The aim of this study was to evaluate the anesthesia management of pregnant patients who received electroconvulsive therapy (ECT) at our hospital and to examine the effects of this procedure on mothers and fetuses.
This study was conducted with 15 pregnant patients who underwent the ECT procedure who did not benefit from medical treatment or who did not want medical treatment. We evaluated the psychiatric, obstetric, and especially anesthesiology records of these patients. All of the patients received 1 mg/kg propofol with 0.6 mg/kg rocuronium. Eight mg/kg sugammadex was used to terminate the effects of the non-depolarizing neuromuscular blocking agents. Their demographic characteristics, history of diagnosis, total ECT sessions, duration of hospitalization, discharge status, neonatal outcomes, short- and long-term maternal or fetal complications, anesthetic management, and recovery parameters were retrospectively reviewed.
Fifteen pregnant patients received a total of 95 ECT treatments. No anesthesia-related maternal complications developed. In terms of the recovery parameters of the patients, the mean duration of the motor seizure was 28.7 ± 6.3 seconds, the mean time to spontaneous respiration was 224 ± 21.8 secs, the mean time to opening the eyes was 403.6 ± 21.1 secs, and the mean time to command compliance was 415.24 ± 81.15 secs. The mean gestational week was 14.06 ± 6.65, and the mean number of pregnancies was 2.87 ± 2.29. Seven (46,7%) patients were in the first trimester of pregnancy, six (40%) were in the second trimester, and two (13.3%) were in the third trimester. Spontaneous abortion occurred in four patients, six patients gave birth by spontaneous vaginal delivery, and five patients delivered by cesarean section. Neonatal respiratory distress developed in only one fetus.
Anesthesia management during ECT can be provided safely by using propofol and rocuronium-sugammadex in pregnancy in the postoperative period. However, there is a risk of abortion and neonatal respiratory distress in the use of ECT, especially in the first trimester period. It is advisable to inform the patient's family in detail before this procedure outcome.
Obstetric patients are generally young, healthy females. Pregnancy involves physical, psychological, and physiological changes as it progresses. The pregnancy and postpartum periods pose many risks to women with psychiatric disorders, especially depression, as the symptoms of such conditions worsen during these experiences [1-3]. Psychiatric disorders that emerge or recur during pregnancy can cause serious problems for both the mother and the fetus [4-6]. However, pharmacotherapy carries the risk of major congenital malformations in the first trimester of pregnancy and of drug toxicity or withdrawal effects in the third trimester. In this context, electroconvulsive therapy (ECT) is a rapid and effective treatment option for cases of advanced major depression, bipolar disorder, anxiety disorders, and psychotic disorders [7-8]. ECT, which creates generalized convulsions by stimulating the brain tissue with an electric current, is an effective treatment for psychiatric disorders. These requirements for anesthesia, together with the primary requirements of amnesia and muscle relaxation, require control of hemodynamic changes and related complications . Recent developments in anesthesia techniques have increased the efficacy and reliability of ECT. However, the optimum anesthetic drug or combination thereof has yet to be identified. As ECT is a brief procedure; the anesthetics used should have an effect over a short duration, enable rapid recovery, and not harm the mother or fetus .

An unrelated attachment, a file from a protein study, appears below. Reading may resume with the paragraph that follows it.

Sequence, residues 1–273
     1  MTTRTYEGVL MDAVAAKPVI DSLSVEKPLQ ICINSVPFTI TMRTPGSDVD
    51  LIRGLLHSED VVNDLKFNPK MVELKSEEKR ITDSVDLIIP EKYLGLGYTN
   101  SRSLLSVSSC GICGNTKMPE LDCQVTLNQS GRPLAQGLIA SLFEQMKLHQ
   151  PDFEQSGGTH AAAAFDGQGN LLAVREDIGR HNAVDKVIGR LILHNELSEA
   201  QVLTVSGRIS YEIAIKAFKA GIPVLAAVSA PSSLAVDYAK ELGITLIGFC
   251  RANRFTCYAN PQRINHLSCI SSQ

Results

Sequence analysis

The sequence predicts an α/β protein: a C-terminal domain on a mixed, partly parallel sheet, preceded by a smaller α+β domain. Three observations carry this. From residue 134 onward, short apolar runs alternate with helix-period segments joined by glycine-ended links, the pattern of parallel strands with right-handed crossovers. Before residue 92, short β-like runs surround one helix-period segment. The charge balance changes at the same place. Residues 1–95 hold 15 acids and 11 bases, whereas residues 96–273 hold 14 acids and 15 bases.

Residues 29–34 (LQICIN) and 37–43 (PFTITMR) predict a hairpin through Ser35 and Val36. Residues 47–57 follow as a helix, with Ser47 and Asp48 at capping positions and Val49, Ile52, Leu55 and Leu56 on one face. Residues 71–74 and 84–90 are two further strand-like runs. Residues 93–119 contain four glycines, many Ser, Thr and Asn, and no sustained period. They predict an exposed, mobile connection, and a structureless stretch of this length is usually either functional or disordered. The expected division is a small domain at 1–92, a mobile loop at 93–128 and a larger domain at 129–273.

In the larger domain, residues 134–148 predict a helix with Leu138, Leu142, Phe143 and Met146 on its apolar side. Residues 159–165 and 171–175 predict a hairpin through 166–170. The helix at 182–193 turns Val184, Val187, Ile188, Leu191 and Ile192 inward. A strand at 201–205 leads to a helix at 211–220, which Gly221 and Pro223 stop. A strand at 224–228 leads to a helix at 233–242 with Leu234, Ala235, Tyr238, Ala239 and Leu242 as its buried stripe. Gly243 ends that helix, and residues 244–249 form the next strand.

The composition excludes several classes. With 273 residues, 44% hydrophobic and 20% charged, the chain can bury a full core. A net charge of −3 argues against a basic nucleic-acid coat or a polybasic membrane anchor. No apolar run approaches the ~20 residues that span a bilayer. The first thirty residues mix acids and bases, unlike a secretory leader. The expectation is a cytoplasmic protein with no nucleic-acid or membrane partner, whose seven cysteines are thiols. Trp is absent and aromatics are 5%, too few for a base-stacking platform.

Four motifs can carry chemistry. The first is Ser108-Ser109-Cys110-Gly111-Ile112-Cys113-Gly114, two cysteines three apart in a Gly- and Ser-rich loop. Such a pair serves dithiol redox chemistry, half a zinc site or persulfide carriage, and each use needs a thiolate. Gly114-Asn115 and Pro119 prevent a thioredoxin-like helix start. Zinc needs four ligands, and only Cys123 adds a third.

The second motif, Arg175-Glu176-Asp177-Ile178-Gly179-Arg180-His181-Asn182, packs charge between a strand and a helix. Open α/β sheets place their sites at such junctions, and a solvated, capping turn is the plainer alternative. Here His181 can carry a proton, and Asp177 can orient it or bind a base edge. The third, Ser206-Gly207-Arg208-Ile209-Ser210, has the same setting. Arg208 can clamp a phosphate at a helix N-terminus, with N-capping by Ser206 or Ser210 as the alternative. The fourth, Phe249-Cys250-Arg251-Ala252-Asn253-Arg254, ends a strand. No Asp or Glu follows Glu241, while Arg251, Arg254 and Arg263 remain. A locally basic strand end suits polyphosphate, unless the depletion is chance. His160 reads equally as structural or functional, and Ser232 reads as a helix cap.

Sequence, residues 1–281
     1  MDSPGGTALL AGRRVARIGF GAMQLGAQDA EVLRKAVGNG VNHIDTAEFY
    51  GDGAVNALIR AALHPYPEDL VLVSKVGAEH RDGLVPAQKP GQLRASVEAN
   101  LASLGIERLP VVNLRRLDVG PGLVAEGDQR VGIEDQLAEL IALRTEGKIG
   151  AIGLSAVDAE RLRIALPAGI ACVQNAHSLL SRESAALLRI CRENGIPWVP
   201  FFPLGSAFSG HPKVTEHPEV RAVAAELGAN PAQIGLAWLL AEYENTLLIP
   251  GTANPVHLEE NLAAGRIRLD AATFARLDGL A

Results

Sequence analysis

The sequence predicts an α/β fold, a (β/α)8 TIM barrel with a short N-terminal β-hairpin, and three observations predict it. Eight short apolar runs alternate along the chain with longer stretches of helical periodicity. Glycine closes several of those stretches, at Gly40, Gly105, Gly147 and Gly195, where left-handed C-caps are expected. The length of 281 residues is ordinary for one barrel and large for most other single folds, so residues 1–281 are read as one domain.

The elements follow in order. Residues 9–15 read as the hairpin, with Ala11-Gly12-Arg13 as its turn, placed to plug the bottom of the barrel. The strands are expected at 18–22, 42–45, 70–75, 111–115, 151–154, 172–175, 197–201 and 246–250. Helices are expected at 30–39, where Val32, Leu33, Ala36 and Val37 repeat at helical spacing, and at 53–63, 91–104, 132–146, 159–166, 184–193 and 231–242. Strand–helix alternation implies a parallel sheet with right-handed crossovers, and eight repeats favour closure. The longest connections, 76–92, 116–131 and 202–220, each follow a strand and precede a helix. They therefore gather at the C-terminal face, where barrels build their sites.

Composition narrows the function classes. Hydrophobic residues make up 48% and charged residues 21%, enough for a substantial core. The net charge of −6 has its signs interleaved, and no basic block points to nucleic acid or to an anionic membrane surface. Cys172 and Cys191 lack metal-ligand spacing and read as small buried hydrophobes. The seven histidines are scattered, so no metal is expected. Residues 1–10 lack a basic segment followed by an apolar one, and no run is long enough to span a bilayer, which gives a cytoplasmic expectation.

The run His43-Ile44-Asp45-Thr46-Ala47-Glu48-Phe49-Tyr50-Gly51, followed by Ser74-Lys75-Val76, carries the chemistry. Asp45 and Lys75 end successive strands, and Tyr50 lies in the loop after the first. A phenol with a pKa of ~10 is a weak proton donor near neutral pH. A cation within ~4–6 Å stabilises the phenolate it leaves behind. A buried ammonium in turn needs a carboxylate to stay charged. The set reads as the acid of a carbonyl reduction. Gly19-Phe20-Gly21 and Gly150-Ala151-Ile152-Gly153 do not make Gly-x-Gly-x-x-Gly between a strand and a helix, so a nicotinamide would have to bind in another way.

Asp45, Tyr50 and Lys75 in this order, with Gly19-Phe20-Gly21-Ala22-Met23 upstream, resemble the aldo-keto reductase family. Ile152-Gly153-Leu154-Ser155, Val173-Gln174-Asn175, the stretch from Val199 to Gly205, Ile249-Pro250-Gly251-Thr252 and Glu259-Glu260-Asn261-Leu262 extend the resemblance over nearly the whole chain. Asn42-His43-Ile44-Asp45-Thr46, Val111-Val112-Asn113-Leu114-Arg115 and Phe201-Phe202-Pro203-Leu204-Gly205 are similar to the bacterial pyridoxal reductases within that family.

Due to the recent increase in the prevalence of psychiatric disorders and the more frequent use of ECT, anesthetists are encountering more pregnant recipients of ECT, rendering issues related to anesthesia management of even greater importance. The aim of this study was to evaluate the anesthesia management of pregnant patients who received ECT and to examine the effects of this procedure on mothers and fetuses.
Materials & Methods
The hospital’s electronic records system was scanned for the period from January 2016 to February 2017, and we retrospectively evaluated the psychiatric, obstetric, and anesthesiology records of 15 pregnant patients who were treated with ECT.
Neonatal records of the offspring of the patients who had given birth were reviewed and the patients were interviewed by telephone to retrieve any missing information such as the gestational week of birth, mode of delivery, and health status of the neonate.
Data on demographic characteristics, gestational week, parity, psychiatric diagnosis, motor seizure duration, ECT duration, duration of anesthesia, time to return of spontaneous respiration, time to opening eyes, recovery time from administration of the sedative until compliance with simple commands, comorbid conditions, anesthetic medications, postoperative complications, the length of hospital stay, modified Aldrete score (MAS), and total number of ECT applications were recorded for each patient.
In our hospital, ECT is usually delivered with very short pulsating using a Thymatron System II bipolar ECT device (Somatics LLC, IL, US). Each application involves a 30- to 60-second seizure. Bilateral, bitemporal ECT was applied in each patient. The maximum charge of the device is 1004 millicoulumb (mC) at a 100% dose, in which the charge applied to each patient is expressed as a percentage of the electrical dose applied to the patient. The first seizure threshold was defined based on the “half-age method.” In this method, half of the patient's age is taken as the base value in percentage. During the ECT application, seizures were monitored via electroencephalography (EEG) data of the device.